The relative size of the cables and the clearance between graduated telescoping tubes to accommodate the cables has been a compromise in that the larger the cable size, the greater the clearance required between graduated tubes. Consequently, the smaller will be the successively smaller tubes and the lesser is the boom strength at the outer end of the boom. Moreover, even if larger cable sizes can be accommodated, it has not been convenient to use sheaves of the diameters desired for such sheave sizes as are required to promote longevity of the cables. On the other hand, the larger the innermost tube in relation to the outermost tube, the lesser the clearances permitted between tubes, and then it follows that either smaller cable sizes are used with loss of cable lift strength and cable flights are multiplied with a greater number of sheaves, or fewer tubes are employed resulting in an overall loss of boom length.
In this connection, not only is a telescoping boom contractable to minimum overall length for travel on public thoroughfares, but its readiness and degree of extendability are directly concerned with reach and load lift strength in which the weight of the successively smaller tubes themselves is an important ever present weight factor. As the boom approaches vertical for hoist height, the weight of the telescoping tubes exerted on the first tube is added more directly to the weight of the working load on the boom regardless of extension length if there is any degree of boom extension at all, and as the boom approaches a horizontal orientation for reach, the extension of the tubes involves a frictional load for the cables, as well as an increasing weight leverage factor for the telescopic overlaps of successively lower tube sections. For maximum effectiveness, longevity and safety, great strength is highly desirable in the first two boom sections and the largest possible sizes and minimum numbers of sheaves and cable flights are important.
SUMMARY OF THE INVENTION In the present invention where the primary cable and boom support efforts are the greatest, the rearmost or first tube section is ruggedly made cross-sectionally square and the second tube section is cylindrical to telescope therein as supported and guided by slide pads at the points of substantial tangency leaving four semitriangular channels at the four corners. This not only provides greater strength, a longer effective boom length, and a rigid weight support point at the outer end of the first telescoping tube section, but also provides four comer channels for as many flights of large size extension cable and sheaves as may be desired. A large sheave on the outer end of the square tube receives the lead of the extension cable from the winch drum, returns it in one of two channels to the inner end where a second large sheave of a diameter greater than that of the second tube is journaled on the inner end of the second tube as disposed in the plane of the two channels. The cable is easily reeved around this sheave and the lead therefrom extends forwardly through the second channel to be reeved around an external sheave on the end of the square tube from whence it is returned through the second channel to terminate in an anchor on the inner end of the second tube. Thereby a pulley arrangement is provided having a 3 to l mechanical advantage from the winch to the lower end of the second tube for extending the boom.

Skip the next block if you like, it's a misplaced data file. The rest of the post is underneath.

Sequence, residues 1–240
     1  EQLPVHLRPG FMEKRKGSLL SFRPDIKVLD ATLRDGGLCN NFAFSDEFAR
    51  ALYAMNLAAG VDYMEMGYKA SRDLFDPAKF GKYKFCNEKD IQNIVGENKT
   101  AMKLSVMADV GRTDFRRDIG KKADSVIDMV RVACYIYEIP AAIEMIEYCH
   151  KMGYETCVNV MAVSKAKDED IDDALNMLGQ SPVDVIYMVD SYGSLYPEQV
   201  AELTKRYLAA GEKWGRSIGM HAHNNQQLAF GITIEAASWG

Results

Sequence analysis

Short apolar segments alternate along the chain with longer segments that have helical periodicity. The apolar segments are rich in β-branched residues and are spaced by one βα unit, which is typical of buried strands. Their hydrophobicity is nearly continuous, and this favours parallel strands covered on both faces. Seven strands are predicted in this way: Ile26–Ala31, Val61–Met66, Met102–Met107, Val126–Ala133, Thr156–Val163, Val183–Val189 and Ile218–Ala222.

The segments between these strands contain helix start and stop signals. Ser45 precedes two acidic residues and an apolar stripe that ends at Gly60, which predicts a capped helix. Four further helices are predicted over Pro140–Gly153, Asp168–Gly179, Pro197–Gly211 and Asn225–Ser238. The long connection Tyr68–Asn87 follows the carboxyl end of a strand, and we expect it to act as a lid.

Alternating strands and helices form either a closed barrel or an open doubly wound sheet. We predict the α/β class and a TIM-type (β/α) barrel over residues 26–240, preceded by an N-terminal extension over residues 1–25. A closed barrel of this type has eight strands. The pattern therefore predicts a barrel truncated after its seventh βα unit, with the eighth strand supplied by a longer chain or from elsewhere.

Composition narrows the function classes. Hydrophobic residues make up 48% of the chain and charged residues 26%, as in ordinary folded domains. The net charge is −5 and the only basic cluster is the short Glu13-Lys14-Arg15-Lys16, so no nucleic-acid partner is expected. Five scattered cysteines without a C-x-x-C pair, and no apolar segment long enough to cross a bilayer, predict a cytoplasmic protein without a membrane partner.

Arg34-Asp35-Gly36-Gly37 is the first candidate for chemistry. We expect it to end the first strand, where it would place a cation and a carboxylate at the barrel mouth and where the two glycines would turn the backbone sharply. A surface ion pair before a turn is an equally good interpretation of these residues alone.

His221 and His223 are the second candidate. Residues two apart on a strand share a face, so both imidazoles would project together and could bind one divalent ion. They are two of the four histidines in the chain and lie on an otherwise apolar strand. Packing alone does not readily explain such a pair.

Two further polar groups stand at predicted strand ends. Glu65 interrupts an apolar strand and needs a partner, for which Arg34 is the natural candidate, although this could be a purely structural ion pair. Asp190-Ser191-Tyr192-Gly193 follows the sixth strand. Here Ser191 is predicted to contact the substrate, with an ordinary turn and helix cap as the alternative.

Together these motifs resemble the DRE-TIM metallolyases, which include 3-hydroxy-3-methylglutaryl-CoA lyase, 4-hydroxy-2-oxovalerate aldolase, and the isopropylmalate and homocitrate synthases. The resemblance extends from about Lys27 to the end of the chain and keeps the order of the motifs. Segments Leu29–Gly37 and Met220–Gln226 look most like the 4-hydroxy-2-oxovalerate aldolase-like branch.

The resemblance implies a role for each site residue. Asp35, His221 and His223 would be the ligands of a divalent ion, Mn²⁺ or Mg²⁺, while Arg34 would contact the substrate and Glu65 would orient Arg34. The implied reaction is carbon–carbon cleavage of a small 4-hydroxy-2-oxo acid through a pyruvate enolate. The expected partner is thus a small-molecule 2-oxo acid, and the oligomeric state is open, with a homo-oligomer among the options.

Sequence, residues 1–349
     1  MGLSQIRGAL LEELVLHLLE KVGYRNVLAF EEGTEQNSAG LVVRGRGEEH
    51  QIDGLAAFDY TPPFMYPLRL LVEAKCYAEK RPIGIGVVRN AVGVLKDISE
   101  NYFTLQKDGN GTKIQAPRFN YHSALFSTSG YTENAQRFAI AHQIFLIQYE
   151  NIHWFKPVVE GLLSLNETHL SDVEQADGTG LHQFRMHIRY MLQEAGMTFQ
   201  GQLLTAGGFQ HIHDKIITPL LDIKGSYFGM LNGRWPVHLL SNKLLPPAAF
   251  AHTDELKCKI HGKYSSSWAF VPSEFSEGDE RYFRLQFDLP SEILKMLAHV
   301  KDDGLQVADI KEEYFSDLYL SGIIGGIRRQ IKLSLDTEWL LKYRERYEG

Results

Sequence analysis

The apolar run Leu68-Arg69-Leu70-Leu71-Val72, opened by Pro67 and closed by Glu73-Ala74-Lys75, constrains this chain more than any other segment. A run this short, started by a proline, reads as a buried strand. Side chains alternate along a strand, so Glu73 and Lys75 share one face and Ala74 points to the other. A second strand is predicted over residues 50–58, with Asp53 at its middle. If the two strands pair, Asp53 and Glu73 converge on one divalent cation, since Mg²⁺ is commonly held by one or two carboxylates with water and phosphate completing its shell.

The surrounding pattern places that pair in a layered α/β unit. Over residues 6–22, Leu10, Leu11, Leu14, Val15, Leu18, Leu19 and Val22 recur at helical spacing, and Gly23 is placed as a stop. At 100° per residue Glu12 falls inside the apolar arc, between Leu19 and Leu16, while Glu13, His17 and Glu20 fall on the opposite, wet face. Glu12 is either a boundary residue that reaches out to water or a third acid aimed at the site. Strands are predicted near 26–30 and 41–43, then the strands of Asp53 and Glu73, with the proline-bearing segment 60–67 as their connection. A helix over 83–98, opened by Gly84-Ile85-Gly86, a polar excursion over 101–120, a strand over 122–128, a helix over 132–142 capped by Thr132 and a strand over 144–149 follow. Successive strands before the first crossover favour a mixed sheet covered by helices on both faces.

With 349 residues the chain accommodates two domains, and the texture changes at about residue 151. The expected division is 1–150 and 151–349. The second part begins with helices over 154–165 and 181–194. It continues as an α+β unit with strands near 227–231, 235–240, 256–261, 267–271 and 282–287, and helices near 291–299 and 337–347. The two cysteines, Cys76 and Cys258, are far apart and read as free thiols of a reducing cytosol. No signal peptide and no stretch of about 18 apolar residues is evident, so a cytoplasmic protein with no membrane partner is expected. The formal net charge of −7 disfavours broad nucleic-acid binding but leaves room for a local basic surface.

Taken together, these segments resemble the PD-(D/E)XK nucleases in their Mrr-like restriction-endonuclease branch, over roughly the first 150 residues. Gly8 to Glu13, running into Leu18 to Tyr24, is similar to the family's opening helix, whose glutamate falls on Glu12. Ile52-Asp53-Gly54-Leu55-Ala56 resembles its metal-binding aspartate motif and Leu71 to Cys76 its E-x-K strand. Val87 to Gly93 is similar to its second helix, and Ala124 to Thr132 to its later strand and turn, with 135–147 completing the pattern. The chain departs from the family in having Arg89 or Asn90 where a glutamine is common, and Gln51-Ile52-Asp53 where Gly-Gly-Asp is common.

If a 4 to 1 advantage is desired for further sensitivity or power, or both, in changing the plumb line position of the hoist line of the boom, a further reeving of the cable is made around another large sheave on the rear end of the second tube and back through a corner channel where it is terminally anchored at the front end of and on the square tube. Because of these channel spaces even higher mechanical advantages can be attained by further large sheaves and cable flights for which there is more than adequate space in the square tube and channels.
It will be appreciated that a wire cable in a system having mechanical advantages may be acceptable of lesser diameter and, with the mechanical advantages provided by the invention, the cable diameter and the largest sheave diameters available can be matched to provide the greatest longevity and safety for a cable which in many boom applications is much used in controlling the length of the boom and in elevating and placing heavy loads, as where a three-quarter ton load can be picked up 40 feet from the crane base and lifted to an -foot elevation within 10 feet of the crane turret axis by a crane boom rated to handle at 30 a one-fourth ton load located 80 feet from the turret. Without safety interlocks being applied a break in this cable would permit the whole boom to collapse.
An object of the invention is to provide a more versatile crane construction wherein the lowermost cylindrical tube of a telescoping tube boom can be telescoped within a stationary square or rectangular tube to increase the horizontal and vertical ranges of the boom without reducing its load handling ratings per se.
A further object is to provide a cross-sectionally rectangular or square tube of great strength upon which associated boom and load handling equipment including the hoist winch and extension winch power assemblies can be compactly mounted any place therealong on a flat surface without the presence or the weight thereof lowering the load ratings of the boom.
Another object of the invention is to provide a closeclearance antiroll control at the inner end of the largest cylindrical tube of the boom to preserve its torsional and flexure freedom throughout its full length at all times, and prevent radial lost motion therebetween under reversing boom torsion and deflection effects.